- It’s much easier to set up and manage as a sole trader, all you need to do is register with the HMRC for tax self-assessment.
- Sole traders have a greater level of privacy and don’t have to lodge information with Companies House.
The disadvantages of being a sole trader include:
- You have full liability for your business, including if you get into debt.
- You could be at a disadvantage if you are bidding for contracts where vendors tend to prefer limited company status.
- You can end up paying more tax and may not be eligible for certain tax reliefs.
The advantages of being a limited company are:
- The liability is in the company rather than you as an individual.
- Some clients may see you as more trustworthy because you are a limited company. This is often the case in areas such as the construction industry.
- As earnings increase, limited companies can be more tax-efficient and help your business access things like bank financing.
- Limited company names are protected which means you can stop someone else from benefiting from your success.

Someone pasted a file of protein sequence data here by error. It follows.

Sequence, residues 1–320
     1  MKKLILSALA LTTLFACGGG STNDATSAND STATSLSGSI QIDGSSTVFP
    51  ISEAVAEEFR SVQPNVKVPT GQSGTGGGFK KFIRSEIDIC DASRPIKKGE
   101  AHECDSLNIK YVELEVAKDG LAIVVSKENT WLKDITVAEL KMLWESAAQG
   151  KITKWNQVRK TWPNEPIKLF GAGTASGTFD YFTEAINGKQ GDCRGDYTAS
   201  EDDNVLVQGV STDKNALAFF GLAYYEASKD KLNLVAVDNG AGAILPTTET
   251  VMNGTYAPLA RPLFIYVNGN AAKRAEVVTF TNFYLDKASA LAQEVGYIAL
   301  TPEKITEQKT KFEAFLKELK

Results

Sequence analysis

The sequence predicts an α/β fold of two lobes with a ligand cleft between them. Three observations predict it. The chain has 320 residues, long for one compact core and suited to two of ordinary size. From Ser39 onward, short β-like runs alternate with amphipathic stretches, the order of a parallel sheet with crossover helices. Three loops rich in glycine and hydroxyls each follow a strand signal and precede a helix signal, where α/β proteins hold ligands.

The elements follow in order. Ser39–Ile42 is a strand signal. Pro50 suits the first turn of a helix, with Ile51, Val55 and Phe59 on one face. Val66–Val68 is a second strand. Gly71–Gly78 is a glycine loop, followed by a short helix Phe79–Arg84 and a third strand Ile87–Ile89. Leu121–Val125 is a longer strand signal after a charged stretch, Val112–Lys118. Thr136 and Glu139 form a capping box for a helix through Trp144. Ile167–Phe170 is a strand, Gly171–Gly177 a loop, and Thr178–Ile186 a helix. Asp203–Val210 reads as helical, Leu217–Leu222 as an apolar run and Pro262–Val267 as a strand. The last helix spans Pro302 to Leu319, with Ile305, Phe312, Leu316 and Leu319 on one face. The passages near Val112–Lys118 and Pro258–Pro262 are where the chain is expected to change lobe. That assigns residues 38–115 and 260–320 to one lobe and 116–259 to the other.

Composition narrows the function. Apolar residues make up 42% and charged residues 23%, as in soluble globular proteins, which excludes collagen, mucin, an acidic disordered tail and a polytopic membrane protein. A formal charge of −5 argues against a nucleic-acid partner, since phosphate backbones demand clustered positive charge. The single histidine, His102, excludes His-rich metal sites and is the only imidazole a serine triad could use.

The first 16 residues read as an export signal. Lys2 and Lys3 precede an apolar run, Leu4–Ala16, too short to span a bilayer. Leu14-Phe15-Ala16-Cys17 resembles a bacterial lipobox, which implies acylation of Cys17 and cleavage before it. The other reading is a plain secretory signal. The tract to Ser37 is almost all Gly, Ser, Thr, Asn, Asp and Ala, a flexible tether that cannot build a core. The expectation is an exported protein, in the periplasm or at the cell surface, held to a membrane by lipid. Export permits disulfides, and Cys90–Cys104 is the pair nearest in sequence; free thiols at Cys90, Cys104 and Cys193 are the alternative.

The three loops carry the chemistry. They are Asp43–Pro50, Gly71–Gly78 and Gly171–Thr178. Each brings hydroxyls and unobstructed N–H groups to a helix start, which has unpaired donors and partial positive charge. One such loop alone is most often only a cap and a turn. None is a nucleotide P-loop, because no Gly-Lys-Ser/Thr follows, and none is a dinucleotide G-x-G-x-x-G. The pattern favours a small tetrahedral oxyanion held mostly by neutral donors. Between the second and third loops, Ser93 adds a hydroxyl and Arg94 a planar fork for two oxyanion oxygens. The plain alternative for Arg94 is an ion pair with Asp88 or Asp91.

The disadvantages of being a limited company are:
- There is certainly a lot more administration and paperwork involved with running a limited company and having a qualified accountant on board is a must.
Whether you are thinking of setting up a limited company or prefer to act as a sole trader, getting the right advice from a professional accountancy team is always important. If you need to discuss your business finances and whether you have the right setup for your needs, contact the team at VW Taxation in Portsmouth to find out more.